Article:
Different Party, Different Tactic
FS: Who are political donors? Can you paint a picture of the typical political supporter?
HM: They tend to be similar to charitable donors in that they are predominantly older and retired. Internet donors are younger but not as much as you might think. I would guess that the median age of all political direct-mail donors would be between 65 and 70 — which is the case for many charities, as well. For phone donors and Internet donors, that figure would probably be in the high 50s.
The thing that distinguishes political donors is, not surprisingly, ideology. Republican donors tend to be the most conservative Americans. Democratic donors tend to be the most liberal Americans. One reason that Republicans have historically raised more money from direct response is not that there are more Republicans than Democrats, but that there are 50 percent more
conservatives than liberals.
FS: Where do you find people who are likely to give to your campaign?
HM: The primary source of names on both sides is donors to conservative and liberal causes. These lists are generally available on a rental or exchange basis. During presidential elections and when the mail is performing especially well, candidates and parties can also successfully solicit selected portions of voter lists.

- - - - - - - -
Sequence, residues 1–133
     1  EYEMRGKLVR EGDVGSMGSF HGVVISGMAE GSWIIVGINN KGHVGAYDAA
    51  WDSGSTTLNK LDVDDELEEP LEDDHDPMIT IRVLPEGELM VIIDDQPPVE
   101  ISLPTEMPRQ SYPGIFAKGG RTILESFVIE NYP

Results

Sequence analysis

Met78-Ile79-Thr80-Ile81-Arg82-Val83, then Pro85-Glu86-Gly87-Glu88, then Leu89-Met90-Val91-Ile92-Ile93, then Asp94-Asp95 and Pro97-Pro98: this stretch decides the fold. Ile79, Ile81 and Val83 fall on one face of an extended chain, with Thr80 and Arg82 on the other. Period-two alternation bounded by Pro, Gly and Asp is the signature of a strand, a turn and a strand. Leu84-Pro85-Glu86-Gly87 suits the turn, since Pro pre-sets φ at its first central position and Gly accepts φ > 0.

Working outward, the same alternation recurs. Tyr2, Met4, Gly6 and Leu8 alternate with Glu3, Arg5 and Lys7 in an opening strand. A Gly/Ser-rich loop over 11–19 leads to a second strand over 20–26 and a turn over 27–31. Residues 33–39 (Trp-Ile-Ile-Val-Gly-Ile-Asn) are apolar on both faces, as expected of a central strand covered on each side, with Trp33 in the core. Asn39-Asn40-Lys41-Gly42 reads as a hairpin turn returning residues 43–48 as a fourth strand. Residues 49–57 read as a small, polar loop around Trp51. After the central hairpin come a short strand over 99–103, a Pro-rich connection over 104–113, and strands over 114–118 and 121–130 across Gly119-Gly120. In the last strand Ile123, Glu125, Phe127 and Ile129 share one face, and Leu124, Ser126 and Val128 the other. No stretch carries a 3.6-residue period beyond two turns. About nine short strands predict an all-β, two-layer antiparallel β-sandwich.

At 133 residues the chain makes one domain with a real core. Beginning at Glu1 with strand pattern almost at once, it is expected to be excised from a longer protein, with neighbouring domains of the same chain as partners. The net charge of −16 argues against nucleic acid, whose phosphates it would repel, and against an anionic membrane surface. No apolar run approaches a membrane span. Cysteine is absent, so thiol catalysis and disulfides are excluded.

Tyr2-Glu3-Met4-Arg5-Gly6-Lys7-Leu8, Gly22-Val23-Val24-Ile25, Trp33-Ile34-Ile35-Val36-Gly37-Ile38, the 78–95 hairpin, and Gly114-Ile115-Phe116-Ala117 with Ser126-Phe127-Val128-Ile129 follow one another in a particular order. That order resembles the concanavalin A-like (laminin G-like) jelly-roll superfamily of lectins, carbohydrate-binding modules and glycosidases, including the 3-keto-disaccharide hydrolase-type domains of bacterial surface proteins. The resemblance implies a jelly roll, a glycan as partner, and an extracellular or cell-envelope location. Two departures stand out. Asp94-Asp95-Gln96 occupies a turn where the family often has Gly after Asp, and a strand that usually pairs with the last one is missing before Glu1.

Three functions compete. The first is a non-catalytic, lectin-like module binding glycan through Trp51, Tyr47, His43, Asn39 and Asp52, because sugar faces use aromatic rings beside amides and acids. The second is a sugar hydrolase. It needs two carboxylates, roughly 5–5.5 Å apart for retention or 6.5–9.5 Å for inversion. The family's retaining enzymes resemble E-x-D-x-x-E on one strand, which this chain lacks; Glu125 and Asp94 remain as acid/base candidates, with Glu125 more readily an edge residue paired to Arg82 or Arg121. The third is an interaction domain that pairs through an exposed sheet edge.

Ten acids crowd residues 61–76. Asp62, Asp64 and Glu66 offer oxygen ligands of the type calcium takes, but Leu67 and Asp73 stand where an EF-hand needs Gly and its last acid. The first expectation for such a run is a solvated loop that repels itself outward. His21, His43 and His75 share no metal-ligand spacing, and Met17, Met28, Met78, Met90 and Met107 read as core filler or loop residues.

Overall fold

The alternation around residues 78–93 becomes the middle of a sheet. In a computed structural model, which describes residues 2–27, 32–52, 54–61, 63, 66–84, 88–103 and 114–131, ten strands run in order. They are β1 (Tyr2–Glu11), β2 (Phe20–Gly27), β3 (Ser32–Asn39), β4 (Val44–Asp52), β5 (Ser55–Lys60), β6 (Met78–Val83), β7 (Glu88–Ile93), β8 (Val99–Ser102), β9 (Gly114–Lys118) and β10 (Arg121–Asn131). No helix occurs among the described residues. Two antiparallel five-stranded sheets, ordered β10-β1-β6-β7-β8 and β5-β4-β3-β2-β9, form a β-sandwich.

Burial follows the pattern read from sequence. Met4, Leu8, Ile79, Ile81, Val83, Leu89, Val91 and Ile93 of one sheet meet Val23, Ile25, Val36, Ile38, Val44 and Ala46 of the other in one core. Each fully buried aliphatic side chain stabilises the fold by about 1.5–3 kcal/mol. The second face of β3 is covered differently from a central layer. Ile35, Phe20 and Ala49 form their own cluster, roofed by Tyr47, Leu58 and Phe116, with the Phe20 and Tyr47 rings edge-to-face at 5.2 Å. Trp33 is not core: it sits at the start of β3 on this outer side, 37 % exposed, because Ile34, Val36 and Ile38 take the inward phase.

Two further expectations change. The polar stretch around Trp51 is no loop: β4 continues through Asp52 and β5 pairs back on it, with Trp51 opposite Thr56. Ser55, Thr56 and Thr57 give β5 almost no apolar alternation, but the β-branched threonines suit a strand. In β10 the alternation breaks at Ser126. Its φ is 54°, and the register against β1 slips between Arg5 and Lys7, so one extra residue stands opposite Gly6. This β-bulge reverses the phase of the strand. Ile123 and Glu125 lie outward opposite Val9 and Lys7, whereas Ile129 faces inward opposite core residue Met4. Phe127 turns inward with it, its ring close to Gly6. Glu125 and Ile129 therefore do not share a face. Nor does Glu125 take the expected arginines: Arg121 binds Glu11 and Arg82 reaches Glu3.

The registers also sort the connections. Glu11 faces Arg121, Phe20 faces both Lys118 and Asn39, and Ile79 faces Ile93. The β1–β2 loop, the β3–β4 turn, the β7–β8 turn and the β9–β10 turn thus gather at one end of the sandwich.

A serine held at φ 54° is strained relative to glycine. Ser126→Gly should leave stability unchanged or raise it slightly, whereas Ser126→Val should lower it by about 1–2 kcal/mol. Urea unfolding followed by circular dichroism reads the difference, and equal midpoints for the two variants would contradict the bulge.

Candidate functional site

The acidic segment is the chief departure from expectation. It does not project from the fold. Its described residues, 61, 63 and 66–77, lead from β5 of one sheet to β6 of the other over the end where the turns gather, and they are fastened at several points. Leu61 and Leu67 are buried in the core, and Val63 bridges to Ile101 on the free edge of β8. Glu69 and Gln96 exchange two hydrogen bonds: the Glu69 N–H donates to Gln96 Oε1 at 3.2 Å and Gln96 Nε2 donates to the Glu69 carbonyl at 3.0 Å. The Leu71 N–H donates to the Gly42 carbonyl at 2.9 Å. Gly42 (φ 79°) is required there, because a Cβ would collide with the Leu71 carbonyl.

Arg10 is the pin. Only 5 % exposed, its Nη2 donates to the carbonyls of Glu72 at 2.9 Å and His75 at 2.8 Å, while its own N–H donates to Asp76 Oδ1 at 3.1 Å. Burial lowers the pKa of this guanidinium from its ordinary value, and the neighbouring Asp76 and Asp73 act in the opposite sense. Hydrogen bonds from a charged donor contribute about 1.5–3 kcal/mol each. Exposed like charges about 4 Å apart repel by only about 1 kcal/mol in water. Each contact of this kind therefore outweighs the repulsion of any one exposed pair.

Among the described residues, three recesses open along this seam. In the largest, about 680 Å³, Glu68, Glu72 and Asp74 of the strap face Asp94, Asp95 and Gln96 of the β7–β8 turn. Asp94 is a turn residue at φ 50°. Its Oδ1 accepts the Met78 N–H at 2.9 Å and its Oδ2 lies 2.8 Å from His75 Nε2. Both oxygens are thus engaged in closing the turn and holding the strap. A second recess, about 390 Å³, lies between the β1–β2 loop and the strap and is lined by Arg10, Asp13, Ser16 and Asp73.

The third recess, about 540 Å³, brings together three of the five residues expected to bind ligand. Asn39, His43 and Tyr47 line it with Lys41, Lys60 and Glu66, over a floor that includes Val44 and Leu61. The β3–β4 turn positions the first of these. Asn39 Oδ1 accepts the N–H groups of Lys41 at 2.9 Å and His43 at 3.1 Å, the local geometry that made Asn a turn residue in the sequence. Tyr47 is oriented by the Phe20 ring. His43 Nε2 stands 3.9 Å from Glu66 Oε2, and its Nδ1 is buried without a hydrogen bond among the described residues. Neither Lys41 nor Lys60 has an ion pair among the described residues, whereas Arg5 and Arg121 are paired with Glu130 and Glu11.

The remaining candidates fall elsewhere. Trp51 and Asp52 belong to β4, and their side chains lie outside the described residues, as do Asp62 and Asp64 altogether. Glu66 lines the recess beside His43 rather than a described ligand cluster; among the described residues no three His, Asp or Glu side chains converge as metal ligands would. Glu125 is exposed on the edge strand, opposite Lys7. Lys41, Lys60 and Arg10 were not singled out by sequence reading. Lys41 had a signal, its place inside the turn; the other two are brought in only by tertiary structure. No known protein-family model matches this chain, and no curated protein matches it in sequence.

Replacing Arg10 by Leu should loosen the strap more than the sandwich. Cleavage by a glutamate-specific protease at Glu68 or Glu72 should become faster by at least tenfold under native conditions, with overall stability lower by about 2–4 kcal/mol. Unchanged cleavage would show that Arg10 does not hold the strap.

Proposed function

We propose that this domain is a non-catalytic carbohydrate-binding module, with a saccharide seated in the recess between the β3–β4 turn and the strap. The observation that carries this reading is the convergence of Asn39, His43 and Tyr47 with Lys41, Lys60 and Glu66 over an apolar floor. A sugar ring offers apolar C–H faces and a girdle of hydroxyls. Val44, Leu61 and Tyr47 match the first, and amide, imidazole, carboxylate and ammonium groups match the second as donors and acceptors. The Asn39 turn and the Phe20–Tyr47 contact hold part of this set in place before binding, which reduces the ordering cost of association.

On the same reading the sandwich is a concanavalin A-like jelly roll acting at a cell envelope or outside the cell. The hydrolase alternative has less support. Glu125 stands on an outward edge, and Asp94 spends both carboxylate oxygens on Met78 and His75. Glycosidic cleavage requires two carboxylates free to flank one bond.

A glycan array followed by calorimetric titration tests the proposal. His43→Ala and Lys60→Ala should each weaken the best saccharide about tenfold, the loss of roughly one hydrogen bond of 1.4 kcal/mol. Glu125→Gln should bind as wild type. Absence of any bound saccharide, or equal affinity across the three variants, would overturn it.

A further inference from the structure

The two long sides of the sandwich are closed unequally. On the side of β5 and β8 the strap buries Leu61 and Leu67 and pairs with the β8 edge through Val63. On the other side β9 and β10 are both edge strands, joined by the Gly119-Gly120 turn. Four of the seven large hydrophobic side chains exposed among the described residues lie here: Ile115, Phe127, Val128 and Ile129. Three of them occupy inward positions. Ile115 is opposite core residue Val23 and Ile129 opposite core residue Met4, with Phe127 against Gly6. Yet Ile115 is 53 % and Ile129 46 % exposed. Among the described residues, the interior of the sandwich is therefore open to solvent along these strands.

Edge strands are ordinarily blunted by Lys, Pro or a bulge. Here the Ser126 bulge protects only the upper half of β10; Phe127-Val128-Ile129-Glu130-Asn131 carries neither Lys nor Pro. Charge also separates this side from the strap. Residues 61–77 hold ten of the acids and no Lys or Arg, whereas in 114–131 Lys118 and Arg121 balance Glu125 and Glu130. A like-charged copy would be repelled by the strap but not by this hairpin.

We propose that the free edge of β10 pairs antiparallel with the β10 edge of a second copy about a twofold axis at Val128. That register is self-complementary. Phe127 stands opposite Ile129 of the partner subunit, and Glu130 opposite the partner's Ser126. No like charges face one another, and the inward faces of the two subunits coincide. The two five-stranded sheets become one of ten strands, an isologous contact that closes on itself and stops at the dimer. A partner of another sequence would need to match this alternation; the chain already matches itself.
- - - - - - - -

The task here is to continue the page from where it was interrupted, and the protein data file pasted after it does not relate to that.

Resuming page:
FS: Direct-mail/e-mail solicitation for campaign financial support obviously works best for people who already are in your corner, but how likely is it to work with the undecided crowd or even non-supporters?
HM: Almost no undecided voters give. A fundraising letter might inform someone about a candidate, but it’s unlikely to move them all the way from neutral to actually giving a donation. Most givers already support the candidate or the party. Most are probably just waiting to be asked.
FS: Kiss of death … what is it for this audience?
HM: Waffling on issues or being too far ahead in the polls. High-dollar donors flock to the expected winner. Direct-mail donors give to candidates they believe need the money.